Davis L. Bigelow
“It looks like you have three broken ribs… but that’s the good news. You also have a broken femur.” Came Glen’s calm reply. “You have a nasty gash on the head too, but it has stopped bleeding on its own.” The small man paused a moment to let the sobering news sink in. “Other than that,” he unsuccessfully tried to lighten the sombre mood, “I think you’re just bruised up a bit.”
The big man shut his eyes. His brow furrowed deeply. The news was worse than he feared! “People died from broken femurs.” Glen’s voice interrupted his depressing thoughts.
“You wouldn’t be so bad if my leg hadn’t landed on you.” He confessed. “I’m sorry. At least it looks like a clean break… And the skin isn’t broken… I’m surprised that neither one of us broke an arm.”
Stan opened his eyes again and stared quietly at his sober friend. The big man’s breathing was ragged. He thought of his wife. He thought of sunshine and the laughter of his grandchildren. He heard the unkind words he had spoken to Alida just before he and Glen had left the campsite. Unbidden tears pricked at the corners of his eyes.
High above the bruised and broken hikers, the silhouetted slopes of Ravenscrag Mountain stood out black against the deep purple of the sky. In the profound silence, Glen pulled up his pant leg to examine one of his own wounds. Stan lay still, but sorted through his final memories before he had lost consciousness. “If he hadn’t slipped off the ledge in the first place, Glen wouldn’t have had to grab his hand and neither of them would have fallen.” He drew a laboured breath and spoke. Glen looked up and listened. “It’s not… your fault.” Stan reassured. “It was my… idea to have a… look at that… cave.” Without thinking, the big man tried to raise a hand and point to a spot a few hundred feet past the crumbled ledge. “Ow!” He gasped and returned the hand to its resting place on the rocks. His arm might not be broken, but it was probably the same colour as the purple sky. Glen resumed his self-examination, wincing from the invasion, but remaining thoughtful while Stan drew in another breath. “Can we… survive the night… without our packs?”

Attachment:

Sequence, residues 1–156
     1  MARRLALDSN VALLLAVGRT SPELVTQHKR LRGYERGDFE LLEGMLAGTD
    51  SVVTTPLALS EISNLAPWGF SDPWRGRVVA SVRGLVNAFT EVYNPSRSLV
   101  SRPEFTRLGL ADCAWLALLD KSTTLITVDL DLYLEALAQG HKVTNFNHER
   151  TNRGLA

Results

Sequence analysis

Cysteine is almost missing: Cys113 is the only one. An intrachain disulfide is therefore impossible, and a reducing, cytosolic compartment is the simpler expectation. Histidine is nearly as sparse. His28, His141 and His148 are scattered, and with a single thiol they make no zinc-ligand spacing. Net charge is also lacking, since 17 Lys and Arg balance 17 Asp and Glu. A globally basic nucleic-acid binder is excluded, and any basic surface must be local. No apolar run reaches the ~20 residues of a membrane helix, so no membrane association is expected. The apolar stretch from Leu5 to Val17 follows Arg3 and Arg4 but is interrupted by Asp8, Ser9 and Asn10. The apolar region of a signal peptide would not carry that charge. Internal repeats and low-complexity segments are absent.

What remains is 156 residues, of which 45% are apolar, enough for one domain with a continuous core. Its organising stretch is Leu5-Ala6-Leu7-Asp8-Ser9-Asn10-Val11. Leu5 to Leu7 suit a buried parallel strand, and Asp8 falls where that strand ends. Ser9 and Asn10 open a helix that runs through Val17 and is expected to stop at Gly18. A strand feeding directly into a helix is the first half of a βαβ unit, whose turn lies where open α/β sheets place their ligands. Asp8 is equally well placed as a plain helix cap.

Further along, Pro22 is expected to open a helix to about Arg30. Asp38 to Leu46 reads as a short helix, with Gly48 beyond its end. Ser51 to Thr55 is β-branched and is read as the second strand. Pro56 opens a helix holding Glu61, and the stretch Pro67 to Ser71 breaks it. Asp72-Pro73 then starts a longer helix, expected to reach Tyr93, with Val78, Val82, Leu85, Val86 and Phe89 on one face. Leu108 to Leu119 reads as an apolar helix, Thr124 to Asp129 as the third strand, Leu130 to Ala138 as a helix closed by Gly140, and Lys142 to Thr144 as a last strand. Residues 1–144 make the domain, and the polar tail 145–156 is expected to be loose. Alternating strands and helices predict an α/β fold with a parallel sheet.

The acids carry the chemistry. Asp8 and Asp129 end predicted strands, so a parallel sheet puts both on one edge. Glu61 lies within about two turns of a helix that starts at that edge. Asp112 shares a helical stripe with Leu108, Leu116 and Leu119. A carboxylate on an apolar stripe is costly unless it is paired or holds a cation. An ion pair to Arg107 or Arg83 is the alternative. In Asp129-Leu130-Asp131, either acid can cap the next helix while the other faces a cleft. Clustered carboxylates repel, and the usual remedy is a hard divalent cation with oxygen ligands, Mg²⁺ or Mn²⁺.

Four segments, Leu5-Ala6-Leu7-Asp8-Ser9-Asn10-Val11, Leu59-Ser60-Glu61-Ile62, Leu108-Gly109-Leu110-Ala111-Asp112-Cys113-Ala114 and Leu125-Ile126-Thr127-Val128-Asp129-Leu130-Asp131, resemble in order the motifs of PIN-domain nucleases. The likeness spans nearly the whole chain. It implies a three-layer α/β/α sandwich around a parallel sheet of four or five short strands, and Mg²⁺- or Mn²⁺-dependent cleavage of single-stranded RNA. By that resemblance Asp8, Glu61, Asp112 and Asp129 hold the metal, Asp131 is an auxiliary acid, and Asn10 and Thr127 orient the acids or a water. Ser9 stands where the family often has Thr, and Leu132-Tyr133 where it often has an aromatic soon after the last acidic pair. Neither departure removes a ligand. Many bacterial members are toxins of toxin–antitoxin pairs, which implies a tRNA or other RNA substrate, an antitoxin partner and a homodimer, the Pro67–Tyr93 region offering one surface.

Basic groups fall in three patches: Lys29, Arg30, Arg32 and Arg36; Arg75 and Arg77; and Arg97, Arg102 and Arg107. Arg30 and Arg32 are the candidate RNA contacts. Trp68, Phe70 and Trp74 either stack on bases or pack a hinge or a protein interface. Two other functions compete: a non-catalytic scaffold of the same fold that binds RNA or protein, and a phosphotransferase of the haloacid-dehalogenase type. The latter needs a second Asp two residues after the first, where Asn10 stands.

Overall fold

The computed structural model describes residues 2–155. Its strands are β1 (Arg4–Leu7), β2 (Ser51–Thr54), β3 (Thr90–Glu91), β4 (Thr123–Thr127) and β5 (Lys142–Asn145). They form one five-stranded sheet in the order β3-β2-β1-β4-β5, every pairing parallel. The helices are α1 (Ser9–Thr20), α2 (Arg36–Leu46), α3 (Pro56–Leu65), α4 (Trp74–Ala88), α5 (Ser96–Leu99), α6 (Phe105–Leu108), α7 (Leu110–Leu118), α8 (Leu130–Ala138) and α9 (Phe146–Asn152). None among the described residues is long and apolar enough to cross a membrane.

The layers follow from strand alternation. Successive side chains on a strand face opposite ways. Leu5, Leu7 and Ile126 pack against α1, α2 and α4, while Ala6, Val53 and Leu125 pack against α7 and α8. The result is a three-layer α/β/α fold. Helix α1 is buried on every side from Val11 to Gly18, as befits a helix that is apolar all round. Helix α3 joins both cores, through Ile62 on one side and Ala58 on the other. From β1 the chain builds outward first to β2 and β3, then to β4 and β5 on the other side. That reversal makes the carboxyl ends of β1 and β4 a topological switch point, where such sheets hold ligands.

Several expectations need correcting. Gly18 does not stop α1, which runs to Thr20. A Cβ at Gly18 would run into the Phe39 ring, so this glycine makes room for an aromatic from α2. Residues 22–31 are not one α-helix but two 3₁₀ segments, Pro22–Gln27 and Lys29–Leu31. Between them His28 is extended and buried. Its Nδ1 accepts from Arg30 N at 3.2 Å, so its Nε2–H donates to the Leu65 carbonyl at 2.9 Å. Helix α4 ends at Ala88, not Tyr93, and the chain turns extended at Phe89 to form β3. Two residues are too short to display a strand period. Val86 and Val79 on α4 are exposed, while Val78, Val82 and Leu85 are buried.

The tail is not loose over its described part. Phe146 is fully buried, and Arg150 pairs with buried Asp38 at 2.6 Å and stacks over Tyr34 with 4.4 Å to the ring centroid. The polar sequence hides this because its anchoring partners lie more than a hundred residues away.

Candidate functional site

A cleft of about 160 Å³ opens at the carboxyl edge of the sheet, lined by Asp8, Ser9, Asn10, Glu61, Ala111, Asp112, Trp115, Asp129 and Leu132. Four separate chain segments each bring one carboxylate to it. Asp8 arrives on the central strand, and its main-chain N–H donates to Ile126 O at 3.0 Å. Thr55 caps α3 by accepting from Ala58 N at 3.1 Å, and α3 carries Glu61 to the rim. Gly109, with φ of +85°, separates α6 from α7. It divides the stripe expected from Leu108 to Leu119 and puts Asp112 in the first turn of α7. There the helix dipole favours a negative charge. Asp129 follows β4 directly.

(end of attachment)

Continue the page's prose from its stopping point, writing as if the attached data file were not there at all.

Glen’s thoughts spun quickly away from the pity party he was beginning to host for himself. There would be time to feel bad later. The cut above his severely sprained ankle had already clotted and his head wound seemed stable. He needed a tensor bandage, a crutch and maybe even a cast, but right now, they had to stay alive. “I have a couple of emergency blankets in my fanny pack.” He blurted, his alert mind instantly circling the survival problem in search of a good solution.
“I have a… little water… in my right… back pocket.” Stan volunteered. “I hope… it didn’t get… punctured from… the fall.” Glen finished unbuckling his fanny pack and moved to locate the water bottle. Stan winced a little as Glen it pulled free.
Glen unscrewed the lid and peered inside. The night was nearly upon them, but he could still see a little. “It’s still full.” He stated. “Here, let me give you some.” Stan opened his mouth while Glen carefully poured in a bit of the precious liquid. Other than the small flask, the nearest water was in their backpacks, some six hundred yards away. “This isn’t going to last very long.” Glen mourned, “But it’s much better than nothing!”
Stan swallowed. “That’s good… for now.” He rasped. “You have… a little too.” Glen complied, but took only a small swallow. Considering Stan’s injuries, Glen knew he would get to a water source long before his friend did.
“I have my compass, some matches, a little trail mix, a couple of energy bars and two space blankets.” Glen enumerated. “You’re probably hungry, but if we eat any of this food, we’ll just need more water.”